A review of the Dalton Alma Chardonnay-Viognier 2011 and the (r?)1 Kentucky Straight Rye Whiskey.
By Joshua E. London and Lou Marmon
Washington Jewish Week February 26, 2014
One question we are asked fairly frequently about booze is, “Is that worth the money?” While we may sometimes have a ready answer to offer in the moment, it is actually a question that gives us pause as it lends itself to a little deeper contemplation. “Worth,” like “beauty,” is subjective. Indeed, asking the “worth” question is really another way of asking “Is that worth it to you?” In context, however, it is clear that what folks typically mean to ask is, “Do you think this is worth it to me?” Yet, how does one begin to answer that?
Wines range in price from just a couple of bucks to more than the average mortgage payment. Admittedly, this is a rather wide range – with most wines hitting the market at very comfortable prices. While some folks will drop large sums on wines the way high-rollers drop fortunes on blackjack, and others will balk at paying more for a wine than for the meal they intend to eat it with, there are very few who will automatically buy the very cheapest wine on offer. Part of the reason for this is because our perception of quality is dependent in part on how much we believe a bottle costs.
This is supported by numerous studies of consumers’ perceptions of quality including one where they were served two identical wines but were told that one was from a $5 bottle while the other cost $45. MRI scans documented changes in brain activity associated with “experienced pleasantness” when the drinkers consumed the wines they thought were more expensive. In other words, they actually experienced tasting a better wine because they thought it cost more.
But quality is not limited to perceptions of price. Another study showed that when people were told that a free glass of wine served at a restaurant was from California (versus North Dakota) they not only rated the wine higher, but also ate more food, rated the food higher and were more likely to make a reservation to return. Interestingly the wines were all “Two Buck Chuck,” a very inexpensive bulk wine released under the Charles Shaw label.
These, and many other studies, all point to the inescapable fact that marketing, of which price is an essential function, influences consumers’ perception of “worth.” This suggests that consumers are best served by cultivating a willingness to try something different, such as wines made from unfamiliar varietals, blends, locations and wineries, and all along the price spectrum. Try, for example, the Dalton Alma Chardonnay-Viognier 2011 ($25), a blend that may be unfamiliar to many. Floral with notes of almonds, red apple and stone fruit within a medium-bodied frame along with a mild spiciness and hints of honey. Certainly worth considering for the holiday table.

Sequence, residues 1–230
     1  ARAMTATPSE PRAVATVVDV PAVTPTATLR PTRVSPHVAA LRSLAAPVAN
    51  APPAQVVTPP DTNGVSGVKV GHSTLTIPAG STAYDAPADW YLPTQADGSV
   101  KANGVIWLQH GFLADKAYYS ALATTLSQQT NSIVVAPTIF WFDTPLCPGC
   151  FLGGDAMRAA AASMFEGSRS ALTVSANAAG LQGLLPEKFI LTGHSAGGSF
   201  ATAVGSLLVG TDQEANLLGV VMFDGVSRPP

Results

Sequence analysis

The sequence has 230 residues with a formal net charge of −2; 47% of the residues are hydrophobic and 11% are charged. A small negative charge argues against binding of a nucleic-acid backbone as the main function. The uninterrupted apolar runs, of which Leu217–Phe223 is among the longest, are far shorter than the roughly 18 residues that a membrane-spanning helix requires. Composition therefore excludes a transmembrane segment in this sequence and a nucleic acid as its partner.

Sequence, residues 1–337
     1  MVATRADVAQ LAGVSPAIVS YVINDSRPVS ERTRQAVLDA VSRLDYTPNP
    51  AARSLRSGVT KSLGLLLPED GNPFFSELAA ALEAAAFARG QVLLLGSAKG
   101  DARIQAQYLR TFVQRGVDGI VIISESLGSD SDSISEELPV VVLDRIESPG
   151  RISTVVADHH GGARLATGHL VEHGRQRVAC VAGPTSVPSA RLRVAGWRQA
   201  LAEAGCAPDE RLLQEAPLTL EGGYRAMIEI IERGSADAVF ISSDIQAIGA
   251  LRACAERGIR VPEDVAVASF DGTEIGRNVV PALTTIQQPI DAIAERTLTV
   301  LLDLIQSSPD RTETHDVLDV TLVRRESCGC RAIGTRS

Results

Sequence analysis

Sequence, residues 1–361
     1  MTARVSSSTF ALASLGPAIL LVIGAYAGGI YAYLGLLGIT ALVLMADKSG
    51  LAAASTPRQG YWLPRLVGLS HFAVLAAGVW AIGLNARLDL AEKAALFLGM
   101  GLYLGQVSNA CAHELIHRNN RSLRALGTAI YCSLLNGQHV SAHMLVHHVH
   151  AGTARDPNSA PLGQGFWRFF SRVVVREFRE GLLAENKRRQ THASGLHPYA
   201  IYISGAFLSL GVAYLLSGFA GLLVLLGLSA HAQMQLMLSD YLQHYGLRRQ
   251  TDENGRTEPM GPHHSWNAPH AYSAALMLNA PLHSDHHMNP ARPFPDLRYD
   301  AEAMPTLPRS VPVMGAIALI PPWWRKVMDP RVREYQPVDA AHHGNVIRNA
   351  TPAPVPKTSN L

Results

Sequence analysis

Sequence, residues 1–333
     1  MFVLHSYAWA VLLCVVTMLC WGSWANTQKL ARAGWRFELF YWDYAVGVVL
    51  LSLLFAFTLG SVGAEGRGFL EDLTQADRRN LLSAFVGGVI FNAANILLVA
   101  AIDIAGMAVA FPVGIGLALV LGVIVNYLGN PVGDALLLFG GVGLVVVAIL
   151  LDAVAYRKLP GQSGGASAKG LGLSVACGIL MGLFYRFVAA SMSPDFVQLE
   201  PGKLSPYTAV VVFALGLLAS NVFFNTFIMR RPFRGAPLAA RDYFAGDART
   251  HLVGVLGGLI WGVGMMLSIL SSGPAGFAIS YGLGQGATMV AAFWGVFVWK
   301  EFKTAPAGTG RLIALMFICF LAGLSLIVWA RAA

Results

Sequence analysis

Spirits-wise, given the steady rise of prices for both foreign and domestic distilled spirits, the “worth” question is asked of us even more frequently. We are never shy in furnishing a ready answer. The real answer remains, however, that value is in the eye of the beholder. A somewhat embarrassing case in point leaps to mind. Recently, one of us was invited to a luncheon and was asked by the host to pass judgment on a particular bottle of whiskey that was being offered round the table. We did so in our usual, ahem, judicious, measured, thoroughly diplomatic manner, only to learn that the bottle we’d just rubbished as average and overpriced was a gift from another guest at the same meal.
Without wishing to revisit that particular social faux pas too deeply, we thought we’d revisit the whiskey in question—the “(r?)1 Kentucky Straight Rye Whiskey” (46 percent abv; $45-50), as it may help illustrate this point about “worth.”
The (r?)1, pronounced “rye one,” was released in 2008 as an “ultra-premium” brand to “elevate” the “whiskey category,” according to the Beam Global official blurb. The same marketing script goes on to suggest that this whiskey is “offering consumers a refined flavor, a striking look and a new take on cocktail couture.”
Now, to put this in context, rye whiskey – which is simply a whiskey made from at least 51 percent rye grain – was enjoying a critical resurgence in the last decade and Beam, understandably, was eager to try and catch attention and turn a profit with a sleek and glitzy, totally-out-of-the-ordinary package. They largely succeeded. It looks expensive and hip, has a slightly confusing name, and it is priced accordingly.
Also on the plus-side, Beam did not invent some silly backstory about how (r?)1 was somebody’s secret traditional family whiskey finally revealed or some space-age mad-scientist experiment or whatever. The real question, however, is, “Is it any good?” followed by, “Is it worth the money?” To address the second question first, we note again that it is subjective. Far be it from us to tell you, or anybody else, what is or isn’t “worth” it to them.
Is it worth it to us? No.
In fairness, we should note, that (r?)1 sells fairly well, so we are seemingly in the minority on this. Without further ado:
(r?)1 Kentucky Straight Rye Whiskey (46 percent abv; $45-50): This crisp, clean, and mildly spicy whiskey pushes the sweetness factor a bit, to present a pleasant, full-flavored, toned-down rye whiskey for, presumably, folks who are not yet big rye whiskey fans. It has aromas of preserved lemon, ginger, cinnamon, nutmeg, a touch of oak and some white pepper, and related flavors of vanilla, rye spice, ginger, cinnamon, and a nice if slightly clipped finish that extends the sweetness slightly more than the spiciness. The oak influence is very nice, mellowing the harshness of the hooch without imposing too much wood. Overall, its lacking oomph and complexity, but it is very nice and very drinkable – especially if someone else is buying. L’Chaim!